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30 Nov, 2021 13:51

Study aims to find reason for rare blood clots in people vaccinated against Covid

Study aims to find reason for rare blood clots in people vaccinated against Covid

The UK government’s Vaccine Taskforce has launched a study into the rare, but potentially deadly, cases of blood clotting and low platelet counts reported in some Covid-infected patients and people who received certain vaccines.

In a statement announcing the study on Tuesday, the University of Liverpool cited reports from March about small numbers of people seeking medical care “predominantly after the AstraZeneca vaccine.” These patients had blood clots in major veins – including those in the brain and abdomen – but also exhibited low levels of blood platelets, which are responsible for clotting.

The £1.6-million project will see scientists from across the UK research the occurrence of the adverse condition clinically known as thrombotic thrombocytopenia syndrome (TTS). It is expected to look at how common TTS was in the general population before Covid-19 and compare this against the cases identified after the pandemic began.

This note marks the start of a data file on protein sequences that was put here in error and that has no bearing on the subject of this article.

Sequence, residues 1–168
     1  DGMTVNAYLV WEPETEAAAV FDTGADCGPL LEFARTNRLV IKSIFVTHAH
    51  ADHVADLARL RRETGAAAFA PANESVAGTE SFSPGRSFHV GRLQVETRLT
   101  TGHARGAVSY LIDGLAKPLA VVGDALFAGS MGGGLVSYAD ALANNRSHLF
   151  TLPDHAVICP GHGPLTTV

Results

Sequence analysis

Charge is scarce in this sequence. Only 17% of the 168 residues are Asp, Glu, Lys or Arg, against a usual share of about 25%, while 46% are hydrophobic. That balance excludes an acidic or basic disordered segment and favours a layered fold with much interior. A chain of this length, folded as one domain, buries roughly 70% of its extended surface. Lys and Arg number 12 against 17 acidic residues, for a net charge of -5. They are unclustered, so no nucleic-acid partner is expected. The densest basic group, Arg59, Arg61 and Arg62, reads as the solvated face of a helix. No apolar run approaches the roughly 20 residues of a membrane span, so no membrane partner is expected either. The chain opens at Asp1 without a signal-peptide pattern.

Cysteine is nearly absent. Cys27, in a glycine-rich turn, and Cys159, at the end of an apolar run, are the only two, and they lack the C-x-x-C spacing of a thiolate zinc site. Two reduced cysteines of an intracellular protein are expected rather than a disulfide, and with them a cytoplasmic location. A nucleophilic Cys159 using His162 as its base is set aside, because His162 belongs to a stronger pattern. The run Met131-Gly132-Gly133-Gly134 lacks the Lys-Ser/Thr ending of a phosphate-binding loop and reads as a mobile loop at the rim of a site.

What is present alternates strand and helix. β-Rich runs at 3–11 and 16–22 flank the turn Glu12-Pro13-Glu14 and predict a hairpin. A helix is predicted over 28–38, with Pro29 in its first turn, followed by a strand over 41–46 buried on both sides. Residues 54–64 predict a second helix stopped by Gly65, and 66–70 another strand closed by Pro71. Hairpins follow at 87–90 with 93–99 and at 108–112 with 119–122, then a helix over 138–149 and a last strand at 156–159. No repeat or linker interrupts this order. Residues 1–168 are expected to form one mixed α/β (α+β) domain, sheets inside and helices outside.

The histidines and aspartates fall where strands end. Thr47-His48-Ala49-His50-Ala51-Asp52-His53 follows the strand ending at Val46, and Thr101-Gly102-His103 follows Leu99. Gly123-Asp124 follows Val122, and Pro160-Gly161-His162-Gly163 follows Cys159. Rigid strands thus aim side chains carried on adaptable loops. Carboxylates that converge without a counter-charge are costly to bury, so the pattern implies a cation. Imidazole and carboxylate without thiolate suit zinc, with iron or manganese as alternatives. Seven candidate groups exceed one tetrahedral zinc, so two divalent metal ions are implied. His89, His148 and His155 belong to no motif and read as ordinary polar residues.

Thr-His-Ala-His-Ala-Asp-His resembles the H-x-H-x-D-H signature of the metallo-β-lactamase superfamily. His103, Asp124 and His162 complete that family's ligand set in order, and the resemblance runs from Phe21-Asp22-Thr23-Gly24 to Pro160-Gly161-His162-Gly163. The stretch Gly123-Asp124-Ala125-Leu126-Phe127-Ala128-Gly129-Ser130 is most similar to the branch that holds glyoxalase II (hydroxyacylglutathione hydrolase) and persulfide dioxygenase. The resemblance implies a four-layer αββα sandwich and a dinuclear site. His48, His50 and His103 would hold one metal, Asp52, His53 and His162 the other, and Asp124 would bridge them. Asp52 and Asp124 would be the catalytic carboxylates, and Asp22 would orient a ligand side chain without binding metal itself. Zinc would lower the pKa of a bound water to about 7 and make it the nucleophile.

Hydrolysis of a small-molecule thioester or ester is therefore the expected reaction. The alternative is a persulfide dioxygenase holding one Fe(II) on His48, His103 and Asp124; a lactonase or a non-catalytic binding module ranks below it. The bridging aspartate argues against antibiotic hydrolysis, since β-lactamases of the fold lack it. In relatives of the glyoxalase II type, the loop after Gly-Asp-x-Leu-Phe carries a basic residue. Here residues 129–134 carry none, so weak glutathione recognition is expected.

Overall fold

“The combination of blood clots with low platelet levels is very rare, and although it has been reported previously ... the clusters of cases were unusual and an association with the vaccines was suggested,” the study’s chief investigator Munir Pirmohamed said, adding that the “vast majority” of people given the vaccine do not develop TTS.

Noting that the most common side effects from Covid-19 vaccination were mild reactions lasting for two or three days, the statement said the study will examine changes in the body leading to the “unique combination of blood clots and low platelet count” seen in TTS.

In recent months, the AstraZeneca vaccine – officially known as Vaxzevria – has come under increasing scrutiny in a number of countries over the incidence of serious side effects. Both the UK’s Medicines and Healthcare products Regulatory Agency (MHRA) and the European Medicines Agency have listed the vaccine as a risk for the paralysis-causing Guillain-Barre syndrome nerve disorder after a handful of cases were reported.

Meanwhile, Denmark suspended the use of both the Vaxzevria and Janssen (Johnson & Johnson) vaccines in June after raising concerns about vaccine-induced TTS. The Danish Health Authority noted at the time that the risk-benefit “balance” was “not favourable.”

Last week, AstraZeneca CEO Pascal Soriot claimed that its Covid-19 vaccine offered longer-lasting immunity against the virus. He told the BBC that the vaccine’s roll-out to the elderly in the UK could account for the apparently lower hospitalisation rates seen in the country relative to Europe.

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